A group linked to populist icon and former chief strategist to Donald Trump, Steve Bannon, has won back control of an Italian monastery, only to now face criminal prosecution over its application for the lease on the property.
– Administrative court rules in favour of Dignatitus Humanae Institute
Three administrative judges ruled May 26 that the Dignatitis Humanae Institute (DHI) can keep for the moment the 19-year lease it was granted two years ago on the Certosa di Trisulti, a sprawling Carthusian monastery built 800 years ago 75km south-east of Rome.
That lease was awarded as part of a public program to involve private groups in the management of abandoned cultural sites in Italy.
The administrative court’s decision Tuesday came after the Italian Ministry of Culture annulled in October last year the DHI’s lease on the charterhouse, alleging illegalities and irregularities in the Institute’s application.
The DHI subsequently won two appeals in December and in February this year against the Ministry’s attempts to evict it.
– Prosecution over “false and mendacious” irregularities in lease application
In their ruling Tuesday, the judges said that the Ministry had failed to act within the permitted timeframe for the annulment of public contracts.
The Ministry had argued that the time limit should not apply in the case of the DHI and the Certosa di Trisulti, because the Institute made “false and mendacious” claims in its application for the lease over the property.
However, the administrative court ruled that the Ministry had failed to provide evidence for that assertion, and added that the claim must be proven in a criminal court.
Within 48 hours of the new administrative sentence ruling being handed down, then, prosecutors from the Attorney General’s office in Rome gave notice to DHI founder and director Benjamin Harnwell that he was facing criminal charges over the alleged irregularities in the DHI application for the monastery.
Harnwell denies any wrongdoing, and the Ministry has also confirmed that it will appeal the latest ruling.
– “Academy for the Judeo-Christian West” to begin online
The DHI’s plans to create in Trisulti an “academy for the Judeo-Christian West”, or a “gladiator school” for populists, and to form them in traditionalist Catholic thought on politics, economics, society and theology have attracted the ire of both locals and democrats the world over.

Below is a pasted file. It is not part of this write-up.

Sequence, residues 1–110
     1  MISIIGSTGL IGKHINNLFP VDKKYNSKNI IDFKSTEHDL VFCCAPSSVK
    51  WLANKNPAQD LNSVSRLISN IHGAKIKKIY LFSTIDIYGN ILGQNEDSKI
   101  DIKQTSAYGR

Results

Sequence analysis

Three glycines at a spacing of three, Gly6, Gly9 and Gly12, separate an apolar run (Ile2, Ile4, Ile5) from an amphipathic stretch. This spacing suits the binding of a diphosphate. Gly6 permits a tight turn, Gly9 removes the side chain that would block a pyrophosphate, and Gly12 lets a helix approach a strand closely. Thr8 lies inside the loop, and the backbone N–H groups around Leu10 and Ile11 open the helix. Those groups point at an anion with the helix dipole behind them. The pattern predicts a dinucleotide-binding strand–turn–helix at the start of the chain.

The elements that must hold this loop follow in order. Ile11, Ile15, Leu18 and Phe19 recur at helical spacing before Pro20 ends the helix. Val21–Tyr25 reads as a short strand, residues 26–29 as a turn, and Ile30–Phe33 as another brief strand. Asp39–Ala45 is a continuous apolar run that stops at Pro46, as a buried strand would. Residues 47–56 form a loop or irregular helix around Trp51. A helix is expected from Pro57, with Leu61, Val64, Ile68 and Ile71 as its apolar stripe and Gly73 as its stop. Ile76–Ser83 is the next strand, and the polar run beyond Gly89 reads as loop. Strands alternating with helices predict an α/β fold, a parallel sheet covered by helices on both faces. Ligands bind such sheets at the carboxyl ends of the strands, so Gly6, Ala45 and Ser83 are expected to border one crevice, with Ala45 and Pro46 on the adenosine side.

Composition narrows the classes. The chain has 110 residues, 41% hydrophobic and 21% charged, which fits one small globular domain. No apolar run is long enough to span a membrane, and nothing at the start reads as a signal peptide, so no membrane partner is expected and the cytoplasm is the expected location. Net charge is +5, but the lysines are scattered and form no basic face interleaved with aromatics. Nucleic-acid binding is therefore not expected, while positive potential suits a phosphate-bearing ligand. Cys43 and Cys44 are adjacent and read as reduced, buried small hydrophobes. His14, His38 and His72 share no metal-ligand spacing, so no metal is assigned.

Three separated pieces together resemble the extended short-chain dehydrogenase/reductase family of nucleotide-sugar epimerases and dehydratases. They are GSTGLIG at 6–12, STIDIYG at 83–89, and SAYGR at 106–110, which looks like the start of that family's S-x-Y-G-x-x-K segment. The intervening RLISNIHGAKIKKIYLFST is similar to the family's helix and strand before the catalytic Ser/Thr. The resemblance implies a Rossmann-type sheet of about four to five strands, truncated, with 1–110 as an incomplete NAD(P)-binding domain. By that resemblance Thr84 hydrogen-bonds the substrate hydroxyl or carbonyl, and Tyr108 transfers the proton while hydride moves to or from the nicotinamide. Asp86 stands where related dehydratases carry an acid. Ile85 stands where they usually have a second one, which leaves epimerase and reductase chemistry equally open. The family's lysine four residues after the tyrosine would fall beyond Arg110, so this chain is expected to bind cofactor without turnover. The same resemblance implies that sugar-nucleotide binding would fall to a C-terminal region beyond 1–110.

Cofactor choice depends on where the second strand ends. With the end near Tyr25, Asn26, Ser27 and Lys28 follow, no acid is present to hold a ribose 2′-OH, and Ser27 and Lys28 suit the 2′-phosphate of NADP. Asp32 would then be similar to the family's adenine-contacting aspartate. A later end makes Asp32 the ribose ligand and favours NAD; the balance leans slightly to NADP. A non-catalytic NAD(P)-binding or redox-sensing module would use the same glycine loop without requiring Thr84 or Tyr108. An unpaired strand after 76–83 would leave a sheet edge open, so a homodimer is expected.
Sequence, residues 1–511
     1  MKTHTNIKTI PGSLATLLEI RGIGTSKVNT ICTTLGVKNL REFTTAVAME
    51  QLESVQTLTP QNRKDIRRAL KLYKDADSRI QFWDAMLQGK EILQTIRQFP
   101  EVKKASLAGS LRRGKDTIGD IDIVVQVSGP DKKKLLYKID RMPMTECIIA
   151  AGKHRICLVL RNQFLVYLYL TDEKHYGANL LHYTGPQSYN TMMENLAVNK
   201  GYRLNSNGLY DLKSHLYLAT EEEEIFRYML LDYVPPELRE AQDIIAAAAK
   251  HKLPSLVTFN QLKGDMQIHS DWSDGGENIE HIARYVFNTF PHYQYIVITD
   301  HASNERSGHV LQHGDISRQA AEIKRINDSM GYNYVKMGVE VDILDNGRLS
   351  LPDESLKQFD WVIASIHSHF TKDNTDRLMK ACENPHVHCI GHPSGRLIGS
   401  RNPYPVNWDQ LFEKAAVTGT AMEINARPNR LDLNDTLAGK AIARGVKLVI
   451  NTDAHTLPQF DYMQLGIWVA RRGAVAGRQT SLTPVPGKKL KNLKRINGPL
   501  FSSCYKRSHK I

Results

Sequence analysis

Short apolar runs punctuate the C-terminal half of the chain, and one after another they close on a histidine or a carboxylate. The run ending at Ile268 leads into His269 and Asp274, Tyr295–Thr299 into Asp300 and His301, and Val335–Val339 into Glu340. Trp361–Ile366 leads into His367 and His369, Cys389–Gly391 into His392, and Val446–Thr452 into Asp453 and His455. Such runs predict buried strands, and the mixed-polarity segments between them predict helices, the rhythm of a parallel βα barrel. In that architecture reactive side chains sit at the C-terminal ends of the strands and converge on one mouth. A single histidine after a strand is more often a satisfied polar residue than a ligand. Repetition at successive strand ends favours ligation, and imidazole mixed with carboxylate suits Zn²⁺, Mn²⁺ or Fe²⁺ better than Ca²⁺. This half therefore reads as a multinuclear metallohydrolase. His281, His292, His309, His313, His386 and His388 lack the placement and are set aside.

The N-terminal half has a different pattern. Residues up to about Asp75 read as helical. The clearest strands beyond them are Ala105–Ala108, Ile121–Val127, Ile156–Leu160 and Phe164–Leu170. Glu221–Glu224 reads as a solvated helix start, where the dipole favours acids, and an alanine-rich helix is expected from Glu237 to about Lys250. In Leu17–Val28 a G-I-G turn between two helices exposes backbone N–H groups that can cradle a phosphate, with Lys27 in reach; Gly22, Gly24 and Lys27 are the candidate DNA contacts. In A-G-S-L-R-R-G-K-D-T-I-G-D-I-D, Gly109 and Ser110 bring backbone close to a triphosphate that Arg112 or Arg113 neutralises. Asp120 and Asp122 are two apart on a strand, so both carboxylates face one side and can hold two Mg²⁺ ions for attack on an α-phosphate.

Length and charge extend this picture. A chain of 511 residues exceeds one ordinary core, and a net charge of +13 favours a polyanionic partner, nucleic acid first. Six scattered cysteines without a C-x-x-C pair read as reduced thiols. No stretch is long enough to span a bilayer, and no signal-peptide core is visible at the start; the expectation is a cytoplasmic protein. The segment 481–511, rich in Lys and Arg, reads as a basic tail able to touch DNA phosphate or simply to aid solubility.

Another motive of anger has been the Institute’s links with far-right, xenophobic politicians such as former Italian Deputy Prime Minister and Interior Minister Matteo Salvini, as well as with notorious leader of the conservative resistance to Pope Francis, Cardinal Raymond Burke.
But in a statement after the administrative court ruling but before the announcement of criminal charges, DHI director Harnwell said he was “very satisfied” with the latest turn of events regarding the monastery.
Explaining that he now hoped to carry out his original restoration plans for the charterhouse, Harnwell added that the DHI would open registrations June 1 “for the long-awaited Academy for the Judeo-Christian West… which – for now – will be online distance learning, managed and carried out directly from the United States”.
The DHI director didn’t reveal for the moment whether or when he was contemplating a return of the academy to Trisulti, a move that will depend on him winning the new court case.
For his part, Bannon said in a press release also after the ruling but before the announcement of the prosecution that “we stood by the monastery, the community and Italy during this pandemic when it would have been easy to walk away”.
“We now launch the programme of learning and training that will make the world more prosperous, more secure and more healthy for everyone”, Bannon added.